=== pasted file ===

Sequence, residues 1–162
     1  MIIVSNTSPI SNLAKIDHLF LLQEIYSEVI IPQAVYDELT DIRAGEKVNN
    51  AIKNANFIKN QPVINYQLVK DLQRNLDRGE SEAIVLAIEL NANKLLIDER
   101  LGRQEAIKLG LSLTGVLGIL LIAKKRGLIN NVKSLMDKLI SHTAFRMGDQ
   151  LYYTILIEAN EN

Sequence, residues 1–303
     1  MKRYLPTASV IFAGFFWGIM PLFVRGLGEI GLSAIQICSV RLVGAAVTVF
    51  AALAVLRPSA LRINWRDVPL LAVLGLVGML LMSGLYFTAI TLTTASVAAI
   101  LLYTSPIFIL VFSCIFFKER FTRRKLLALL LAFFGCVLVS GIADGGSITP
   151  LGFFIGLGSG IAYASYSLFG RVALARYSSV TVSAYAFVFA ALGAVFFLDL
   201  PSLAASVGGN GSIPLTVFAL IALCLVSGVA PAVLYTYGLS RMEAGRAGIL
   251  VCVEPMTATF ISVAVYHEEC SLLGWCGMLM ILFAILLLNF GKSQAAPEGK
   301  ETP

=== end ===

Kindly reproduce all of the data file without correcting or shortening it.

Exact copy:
Sequence, residues 1–162
     1  MIIVSNTSPI SNLAKIDHLF LLQEIYSEVI IPQAVYDELT DIRAGEKVNN
    51  AIKNANFIKN QPVINYQLVK DLQRNLDRGE SEAIVLAIEL NANKLLIDER
   101  LGRQEAIKLG LSLTGVLGIL LIAKKRGLIN NVKSLMDKLI SHTAFRMGDQ
   151  LYYTILIEAN EN

Sequence, residues 1–303
     1  MKRYLPTASV IFAGFFWGIM PLFVRGLGEI GLSAIQICSV RLVGAAVTVF
    51  AALAVLRPSA LRINWRDVPL LAVLGLVGML LMSGLYFTAI TLTTASVAAI
   101  LLYTSPIFIL VFSCIFFKER FTRRKLLALL LAFFGCVLVS GIADGGSITP
   151  LGFFIGLGSG IAYASYSLFG RVALARYSSV TVSAYAFVFA ALGAVFFLDL
   201  PSLAASVGGN GSIPLTVFAL IALCLVSGVA PAVLYTYGLS RMEAGRAGIL
   251  VCVEPMTATF ISVAVYHEEC SLLGWCGMLM ILFAILLLNF GKSQAAPEGK
   301  ETP